There are a number of differences between models and designs from manufacturers. However, the most significant differences seem to be in quality, craftsmanship and price. Part one will go over the state of the industry including styles of tents, and in Part 2 we’ll explore many of the brand differences.
With the exception of only a handful of tent models, all roof top tents open in a similar fashion: Remove the travel cover, deploy the ladder and open up the tent opposite the hinged edge. Below is a short demonstration that we made a couple of years ago illustrating how to open a roof top tent.
Hardshell vs soft top design
As you can see from the video above, traditionally-designed roof top tents open like a book, with the structure self-erecting upon opening. Virtually all of the roof top tents that open in this fashion require the removal of a waterproof travel cover. In most instances, this travel cover is made from a PVC material which is attached to the tent base. The travel cover is attached either via a heavy-duty zipper that goes around the perimeter (Hannibal, Howling Moon, ARB etc) or a ratchet strap which tightens the bottom of the cover (Eezi-Awn).
The exception to this rule is the older generation Technitop tent which functioned like a traditional roof tent but with a plastic shell for travel. Sadly, this plastic shell has been replaced with wooden flooring and a vinyl cover in the most recent iteration of the Technitop tent (which we’ll cover in part 2).
There are two different entry designs on roof top tents, with many manufactures offering tents with both types of openings. The traditional style features a rain fly which covers the entry and ladder which accesses the tent. The other style, which is found on the Eezi-Awn T-top tent, ARB Simpson tent, and the Howling Moon Stargazer, features a covered enclosure which extends far out over the entryway and ladder to the tent. This extension provides more shelter beneath the tent and allows the user to add drop curtains which add an additional annex beneath the tent. This shelter can be used as a sitting area in inclement weather, additional sleeping area for pets and kids or a changing/showering room.
Due to the fact that most roof top tents are designed and manufactured overseas, most roof top tents are built and marketed under metric sizes. They’re generally available in four widths:
1.4 meters – This tent gains 0.2 meters, or about 8″ in width over the 1.2 meter tent. At about 56″ wide most 1.4 meter tents are just a bit wider than a full-size bed and can sleep 2 adults comfortably. The 1.4 is about the same width as many SUVs roofs. We run 1.4 meter tents on our vehicles with the opening off to the side to minimize wind drag. This also creates an additional awning/shelter over the drivers side of the vehicle.
2.2 meters – These family-sized tents open up to a cavernous 87” wide and 96” long. They are typically designed to sleep up to four adults.
Most tents fold out from the roof of the vehicle with a ladder dropping down to provide both access and structural support for the extended portion of the tent. Many tents have the option of either a full length ground ladder or a u-shaped foot which allows the tent to be mounted to the bull bar of a vehicle. The bull bar mount requires the tent to open from the front edge of the roof line over the hood or bonnet of the vehicle. A ground ladder can be used over the front of the vehicle, but also offers the option of mounting the tent to open to either side or the back of the vehicle.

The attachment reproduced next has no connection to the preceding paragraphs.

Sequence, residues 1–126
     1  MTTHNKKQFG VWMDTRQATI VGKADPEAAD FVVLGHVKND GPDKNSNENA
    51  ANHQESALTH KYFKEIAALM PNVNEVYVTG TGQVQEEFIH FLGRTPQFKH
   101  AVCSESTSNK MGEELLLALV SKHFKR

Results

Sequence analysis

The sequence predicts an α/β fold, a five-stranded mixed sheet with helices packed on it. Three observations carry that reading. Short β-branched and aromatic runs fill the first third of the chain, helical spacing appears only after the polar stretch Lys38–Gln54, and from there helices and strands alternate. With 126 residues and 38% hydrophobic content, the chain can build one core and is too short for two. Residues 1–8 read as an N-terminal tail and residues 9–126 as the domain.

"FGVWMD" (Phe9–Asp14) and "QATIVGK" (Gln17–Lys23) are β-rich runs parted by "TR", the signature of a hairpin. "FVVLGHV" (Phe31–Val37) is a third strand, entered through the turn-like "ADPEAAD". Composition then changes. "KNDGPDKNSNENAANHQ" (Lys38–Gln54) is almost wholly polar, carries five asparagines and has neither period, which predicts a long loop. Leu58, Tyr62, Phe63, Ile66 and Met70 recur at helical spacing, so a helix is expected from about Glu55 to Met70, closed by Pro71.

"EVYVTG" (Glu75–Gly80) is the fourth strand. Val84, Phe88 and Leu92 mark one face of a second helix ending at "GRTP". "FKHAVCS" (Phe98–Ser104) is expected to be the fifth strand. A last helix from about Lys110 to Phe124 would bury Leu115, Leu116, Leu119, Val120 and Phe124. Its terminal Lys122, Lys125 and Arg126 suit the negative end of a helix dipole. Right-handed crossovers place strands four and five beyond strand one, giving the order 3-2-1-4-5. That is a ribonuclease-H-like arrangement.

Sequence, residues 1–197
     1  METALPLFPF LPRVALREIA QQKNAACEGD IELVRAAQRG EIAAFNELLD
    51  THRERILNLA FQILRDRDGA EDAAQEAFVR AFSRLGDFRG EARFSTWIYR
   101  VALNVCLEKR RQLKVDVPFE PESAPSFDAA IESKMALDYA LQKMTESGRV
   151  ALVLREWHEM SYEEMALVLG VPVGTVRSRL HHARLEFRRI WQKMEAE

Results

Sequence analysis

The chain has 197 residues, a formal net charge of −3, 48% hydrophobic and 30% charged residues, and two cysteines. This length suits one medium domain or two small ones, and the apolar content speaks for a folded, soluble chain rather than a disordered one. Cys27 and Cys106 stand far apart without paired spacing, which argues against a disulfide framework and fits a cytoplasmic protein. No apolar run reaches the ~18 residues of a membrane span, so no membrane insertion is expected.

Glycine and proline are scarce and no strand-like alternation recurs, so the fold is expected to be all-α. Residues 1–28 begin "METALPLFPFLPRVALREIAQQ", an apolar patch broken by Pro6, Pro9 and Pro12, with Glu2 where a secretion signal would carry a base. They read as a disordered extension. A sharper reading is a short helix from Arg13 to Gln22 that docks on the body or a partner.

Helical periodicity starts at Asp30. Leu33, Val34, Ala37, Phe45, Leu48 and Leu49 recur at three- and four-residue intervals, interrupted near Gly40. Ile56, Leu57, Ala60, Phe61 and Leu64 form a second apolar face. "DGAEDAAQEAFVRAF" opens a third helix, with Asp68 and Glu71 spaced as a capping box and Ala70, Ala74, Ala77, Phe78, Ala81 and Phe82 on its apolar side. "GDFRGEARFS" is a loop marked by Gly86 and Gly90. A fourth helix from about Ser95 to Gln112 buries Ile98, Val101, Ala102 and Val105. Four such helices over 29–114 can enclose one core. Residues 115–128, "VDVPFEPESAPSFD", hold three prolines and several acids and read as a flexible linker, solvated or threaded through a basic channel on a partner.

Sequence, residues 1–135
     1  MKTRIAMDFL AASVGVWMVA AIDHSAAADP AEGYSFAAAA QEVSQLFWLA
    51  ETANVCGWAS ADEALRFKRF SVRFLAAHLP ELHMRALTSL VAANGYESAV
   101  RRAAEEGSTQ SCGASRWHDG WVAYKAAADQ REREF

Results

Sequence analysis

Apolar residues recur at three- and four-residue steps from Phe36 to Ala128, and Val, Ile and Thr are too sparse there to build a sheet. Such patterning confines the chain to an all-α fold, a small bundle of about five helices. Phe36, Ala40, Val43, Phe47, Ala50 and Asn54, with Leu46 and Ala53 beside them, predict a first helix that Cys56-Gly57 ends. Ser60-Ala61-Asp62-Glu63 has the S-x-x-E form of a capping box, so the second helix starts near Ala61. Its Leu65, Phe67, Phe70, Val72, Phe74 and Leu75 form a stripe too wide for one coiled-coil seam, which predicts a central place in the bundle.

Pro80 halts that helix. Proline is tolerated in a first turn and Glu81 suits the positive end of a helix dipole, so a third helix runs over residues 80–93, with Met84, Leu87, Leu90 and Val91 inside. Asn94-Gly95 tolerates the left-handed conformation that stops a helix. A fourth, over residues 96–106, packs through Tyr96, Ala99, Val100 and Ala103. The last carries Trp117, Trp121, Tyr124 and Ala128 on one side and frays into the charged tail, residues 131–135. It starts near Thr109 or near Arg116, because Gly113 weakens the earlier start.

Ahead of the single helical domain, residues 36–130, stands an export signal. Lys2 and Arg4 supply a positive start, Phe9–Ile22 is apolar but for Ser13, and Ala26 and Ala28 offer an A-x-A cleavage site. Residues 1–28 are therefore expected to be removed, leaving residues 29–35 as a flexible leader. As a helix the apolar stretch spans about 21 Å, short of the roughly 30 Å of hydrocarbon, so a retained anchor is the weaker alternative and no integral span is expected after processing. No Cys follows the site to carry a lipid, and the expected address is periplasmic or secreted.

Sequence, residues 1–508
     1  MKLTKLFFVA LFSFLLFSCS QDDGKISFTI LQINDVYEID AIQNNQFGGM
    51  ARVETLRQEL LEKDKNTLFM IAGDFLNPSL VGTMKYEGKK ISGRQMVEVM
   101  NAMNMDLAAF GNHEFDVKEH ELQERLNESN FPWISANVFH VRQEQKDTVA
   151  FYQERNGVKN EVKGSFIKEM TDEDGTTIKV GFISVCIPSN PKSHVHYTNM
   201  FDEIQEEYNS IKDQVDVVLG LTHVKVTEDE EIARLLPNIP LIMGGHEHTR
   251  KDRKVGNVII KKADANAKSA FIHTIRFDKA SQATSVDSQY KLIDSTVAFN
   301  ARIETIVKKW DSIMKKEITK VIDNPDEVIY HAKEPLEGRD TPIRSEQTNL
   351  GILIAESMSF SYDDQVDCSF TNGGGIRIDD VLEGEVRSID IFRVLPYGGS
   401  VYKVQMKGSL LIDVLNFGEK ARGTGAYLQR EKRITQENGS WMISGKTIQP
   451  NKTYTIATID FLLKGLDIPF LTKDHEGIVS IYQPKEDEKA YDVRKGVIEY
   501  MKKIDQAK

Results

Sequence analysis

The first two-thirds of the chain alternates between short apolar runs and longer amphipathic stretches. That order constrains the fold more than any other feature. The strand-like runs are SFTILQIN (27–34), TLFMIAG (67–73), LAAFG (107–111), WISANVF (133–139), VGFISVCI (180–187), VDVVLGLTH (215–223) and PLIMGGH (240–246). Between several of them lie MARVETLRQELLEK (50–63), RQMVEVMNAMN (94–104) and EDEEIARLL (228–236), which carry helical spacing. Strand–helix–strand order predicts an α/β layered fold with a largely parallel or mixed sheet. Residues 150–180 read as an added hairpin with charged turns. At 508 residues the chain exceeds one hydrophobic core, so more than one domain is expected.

As the name implies, roof top tents are traditionally mounted on top of the roof of the vehicle. However, an increasing number of people are mounting tents either above the beds of pick-up trucks or on off-road trailers.
Use and Care
Roof top tents should be regarded as an investment. While the upfront cost can be expensive, they are designed to last for a very long time. With proper care, a good quality tent can easily withstand decades of use.
Click here to read our extensive article regarding care and maintenance for a roof top tent.
Is a Roof Top Tent for you?
There are a lot of great features and benefits that come with owning a roof top tent. The tent is easy to set up while the flat flooring and built-in mattress make for a comfortable night’s sleep. Because the majority of the tent occupies the same footprint as the vehicle, it can be easier to camp in tighter spaces. In a pinch, we’ve camped with the vehicle parked on the trail before. In addition, in wet conditions, you’re high above the muck and don’t have to worry about ground tarps or setting up your tent and sleeping in the mud.
Most of the tents feature a thicker walled material than modern backpacking tents — this translates into a tent that is both warmer and lets less light in (a boon for those who like to sleep in late in the morning). In addition, most tents can be folded up with your bedding, meaning that you have less valuable cargo space taken up inside the vehicle.
Once you’ve purchased the tent, you also have to figure out a way to mount it. There are essentially two options: either buy a roof mounting kit (another added cost), or install on your roof rack. If you choose to mount the tent on a roof rack, most tent designs will take up a good chunk of the rack space, while most Autohome tents occupy the entire roofline.
Furthermore, adding a tent to your vehicle doesn’t do wonders for aerodynamics. Expect a drop of at least a couple of MPGs. For most typical expeditions, fuel is by far the most significant cost, and a drop of 10-15% (or more) in fuel economy can significantly effect expenses.
In part two of this series, we’ll take a look at the current crop of roof top tents offered on the market as well as the features and drawbacks of each.